And I’m going to give back to the world in a major way. Hell, you ungrateful sloth, I’m already giving back with these words. Read em bitch. Make your fucking life awesome.

You know what you want.

Simple: you know what your desires are.

Admit them to yourself. Admit Lawrence that you want someone who possesses the kind of soul that is capable of loving you and only you. Admit that you want a thousand million dollars. Admit that you want the homes and the boat and the jar midwest family, and the life of the world’s most popular living writer  – Paulo Coelho did it, WHY NOT YOU Black? Seriously, admit that you won’t lose sleep if you are so immensely happy and successful in the pursuit of your dreams that your exes cry themselves to sleep next to their miserable husbands. Admit your desires to yourself Lawrence. Admit that you want to teach English in some public college when you are forty five and that you hope half the female student body harbors a healthy crush on you. Admit that you have a penis and a pair of testicles. haha

I’m serious.

Watch me.

Mindsight: Going Back to The Start

The imagination is the greatest ability we have – for what may be born of dreams extends far beyond the reaches of the eye, which is limited by our reality – yet the bounds of reality extend far beyond the morrow, all the way into the clouds and past the horizon. Mindsight – our ability to see past today, past practicality, beyond the abyss of fear and the cove of doubt – this is the key that unlocks doors where others see walls. It is through this magic of evolution that we may dream while we are awake, seeing what others do not.

If you think this is the stuff of mere daydreaming, fancies and whatnot, then you, my friend, are seriously shortchanging yourself.

Things do not happen by mere chance: that couple that is going to make love tomorrow on the yacht of their dreams, you think that is mere fortune? No. That, my friends, is the product of a dream, a plan, a goal, and, of course, hard work.

The problem is, most people confine their dreams to their resources rather than letting their dreams detemine them. If your dreams do not guide your reality, as a needle does a thread, your reality will guide your dreams. Unfortunately, most people lose their ability to dream – both through lack of use and the normal setbacks of life. We’ve all given up at some level.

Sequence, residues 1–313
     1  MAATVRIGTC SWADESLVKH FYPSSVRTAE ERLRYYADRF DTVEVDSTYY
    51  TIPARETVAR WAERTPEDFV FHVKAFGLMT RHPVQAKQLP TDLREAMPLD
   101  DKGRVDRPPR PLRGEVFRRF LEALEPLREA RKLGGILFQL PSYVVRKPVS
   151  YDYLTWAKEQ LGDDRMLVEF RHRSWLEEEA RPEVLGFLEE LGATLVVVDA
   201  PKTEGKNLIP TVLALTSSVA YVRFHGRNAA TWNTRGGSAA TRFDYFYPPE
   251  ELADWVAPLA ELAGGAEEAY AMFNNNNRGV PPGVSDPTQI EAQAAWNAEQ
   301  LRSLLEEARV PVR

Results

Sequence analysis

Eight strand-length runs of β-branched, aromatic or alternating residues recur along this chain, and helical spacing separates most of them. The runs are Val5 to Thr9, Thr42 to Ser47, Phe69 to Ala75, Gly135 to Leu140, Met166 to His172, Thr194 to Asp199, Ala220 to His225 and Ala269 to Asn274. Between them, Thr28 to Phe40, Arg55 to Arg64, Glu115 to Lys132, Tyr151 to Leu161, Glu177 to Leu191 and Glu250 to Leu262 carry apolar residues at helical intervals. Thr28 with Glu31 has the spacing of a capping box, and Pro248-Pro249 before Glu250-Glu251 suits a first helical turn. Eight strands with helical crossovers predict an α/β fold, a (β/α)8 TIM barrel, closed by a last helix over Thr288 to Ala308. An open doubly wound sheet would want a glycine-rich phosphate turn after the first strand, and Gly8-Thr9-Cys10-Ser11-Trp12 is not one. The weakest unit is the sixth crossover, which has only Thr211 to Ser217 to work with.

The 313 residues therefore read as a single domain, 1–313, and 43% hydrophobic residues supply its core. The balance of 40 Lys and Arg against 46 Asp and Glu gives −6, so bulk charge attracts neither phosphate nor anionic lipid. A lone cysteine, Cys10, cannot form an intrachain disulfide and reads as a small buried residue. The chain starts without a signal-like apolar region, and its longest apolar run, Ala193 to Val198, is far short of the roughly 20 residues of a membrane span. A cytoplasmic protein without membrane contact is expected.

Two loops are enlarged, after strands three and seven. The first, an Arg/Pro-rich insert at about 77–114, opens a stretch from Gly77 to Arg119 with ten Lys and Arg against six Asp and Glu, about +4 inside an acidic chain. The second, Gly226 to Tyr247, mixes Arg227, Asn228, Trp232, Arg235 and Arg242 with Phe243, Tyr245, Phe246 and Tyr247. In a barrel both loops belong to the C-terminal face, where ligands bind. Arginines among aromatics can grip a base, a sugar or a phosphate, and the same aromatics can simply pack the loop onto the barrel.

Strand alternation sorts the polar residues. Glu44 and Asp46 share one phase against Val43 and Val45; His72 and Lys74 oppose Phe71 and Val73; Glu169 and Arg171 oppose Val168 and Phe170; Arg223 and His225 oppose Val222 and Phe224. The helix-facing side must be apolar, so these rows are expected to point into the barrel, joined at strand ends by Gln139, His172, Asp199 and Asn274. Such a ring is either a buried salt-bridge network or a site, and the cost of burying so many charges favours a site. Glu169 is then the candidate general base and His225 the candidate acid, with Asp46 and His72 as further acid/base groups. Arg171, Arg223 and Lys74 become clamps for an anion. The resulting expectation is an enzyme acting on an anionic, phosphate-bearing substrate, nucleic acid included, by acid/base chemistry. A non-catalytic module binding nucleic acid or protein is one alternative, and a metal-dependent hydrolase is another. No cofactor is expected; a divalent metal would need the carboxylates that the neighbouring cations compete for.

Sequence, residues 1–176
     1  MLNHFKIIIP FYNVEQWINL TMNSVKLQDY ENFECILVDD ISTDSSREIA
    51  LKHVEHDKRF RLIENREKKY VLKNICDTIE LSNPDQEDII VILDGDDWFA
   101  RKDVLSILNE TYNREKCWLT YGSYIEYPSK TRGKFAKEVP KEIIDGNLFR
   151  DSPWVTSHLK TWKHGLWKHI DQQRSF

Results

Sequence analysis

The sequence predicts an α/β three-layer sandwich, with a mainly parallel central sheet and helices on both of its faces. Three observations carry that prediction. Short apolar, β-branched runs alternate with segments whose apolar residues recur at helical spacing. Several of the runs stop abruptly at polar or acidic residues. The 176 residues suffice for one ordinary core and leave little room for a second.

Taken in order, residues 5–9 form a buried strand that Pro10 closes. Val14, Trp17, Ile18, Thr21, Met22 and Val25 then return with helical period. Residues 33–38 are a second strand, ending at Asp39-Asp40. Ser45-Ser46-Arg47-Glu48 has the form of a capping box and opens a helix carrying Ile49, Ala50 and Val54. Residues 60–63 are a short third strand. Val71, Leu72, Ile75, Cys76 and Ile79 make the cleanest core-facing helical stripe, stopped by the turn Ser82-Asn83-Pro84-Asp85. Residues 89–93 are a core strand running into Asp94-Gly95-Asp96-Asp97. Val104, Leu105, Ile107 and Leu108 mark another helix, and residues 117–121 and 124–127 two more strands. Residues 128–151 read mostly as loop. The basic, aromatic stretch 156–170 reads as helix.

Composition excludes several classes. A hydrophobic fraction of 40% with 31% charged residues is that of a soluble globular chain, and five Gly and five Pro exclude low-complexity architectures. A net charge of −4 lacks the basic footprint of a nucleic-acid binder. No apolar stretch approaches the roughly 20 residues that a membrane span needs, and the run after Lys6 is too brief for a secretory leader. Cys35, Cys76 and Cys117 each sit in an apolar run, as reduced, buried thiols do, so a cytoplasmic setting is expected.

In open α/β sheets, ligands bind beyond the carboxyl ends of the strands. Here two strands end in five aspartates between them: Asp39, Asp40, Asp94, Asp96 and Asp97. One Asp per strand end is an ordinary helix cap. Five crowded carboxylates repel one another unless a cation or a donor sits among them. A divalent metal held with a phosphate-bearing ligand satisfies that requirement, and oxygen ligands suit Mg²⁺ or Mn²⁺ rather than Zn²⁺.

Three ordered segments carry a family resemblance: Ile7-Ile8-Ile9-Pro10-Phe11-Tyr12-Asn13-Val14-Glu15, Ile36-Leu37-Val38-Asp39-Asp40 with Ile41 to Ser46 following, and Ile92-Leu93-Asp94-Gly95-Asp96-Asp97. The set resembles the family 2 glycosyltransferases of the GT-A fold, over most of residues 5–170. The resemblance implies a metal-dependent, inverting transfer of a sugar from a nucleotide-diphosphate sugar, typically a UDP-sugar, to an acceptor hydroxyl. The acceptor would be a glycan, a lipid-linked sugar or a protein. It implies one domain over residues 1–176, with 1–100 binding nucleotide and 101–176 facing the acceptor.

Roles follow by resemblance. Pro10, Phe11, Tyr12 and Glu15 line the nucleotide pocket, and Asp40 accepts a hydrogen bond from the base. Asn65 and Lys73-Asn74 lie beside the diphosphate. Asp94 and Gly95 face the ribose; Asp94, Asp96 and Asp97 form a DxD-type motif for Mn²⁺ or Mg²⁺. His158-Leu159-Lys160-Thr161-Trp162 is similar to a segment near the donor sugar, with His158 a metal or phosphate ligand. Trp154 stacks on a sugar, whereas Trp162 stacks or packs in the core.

That last sentence is heartwrenching, isn’t it.

You see – dreams need to be curated, protected, and evolved, but the difficulty is that we live in a society that applies immense pressure on us; our values, our goals, and our desires are constantly being dictated to us by our peers, our parents, and ultimately our fraglie and insecure egos.

I hit a point last year when I realized my dreams weren’t even mine.

They belonged to an ex or someone I felt I needed to best, or my wish to gain approval from someone who doesn’t matter. Ayn Rand was right; selfishness is a virtue. Luckilly, I can still afford to be selfish: no wife. No kids. No limits. It sounds absurd but it’s true; if you’re out there and you’re feeling sorry for yourself about being single, you are seeing it all wrong. No, you can write your own ticket.

But most of us, single or taken, struggle with this – with determining what is we really, truly want.

The irony, and the key to unlocking the mystery within us, lies in the past; before society replaced our dreams with things: flat TV’s, great shoes, nice cars, a great place, this is adult shit. Children, on the other hand, know better. We all know better. We’ve just forgotten.

Go back in time. Remember when you were a child. Remember that thing you did that made the hours pass like minutes. The thing that dissolved reality into a mere sidenote. That; the call you stopped answering a long, long time ago still lives within you, and if you pick it back up, it will ring as true today as it did on afterschool afternoons twenty years ago. It’s 1995, and you are on the floor in your room looking at a book, feeling like you just set foot on the moon. Fast forward ten years and you were working in a call center not even realizing what happened to you. Five years later and you just wanted what others had. It’s a sad story, but it’s the story of an adult life. Wrought down by the weight of living, we forgot what we loved. We traded in our dreams for flat screen TVs, twenty inch rims on our leased SUVs.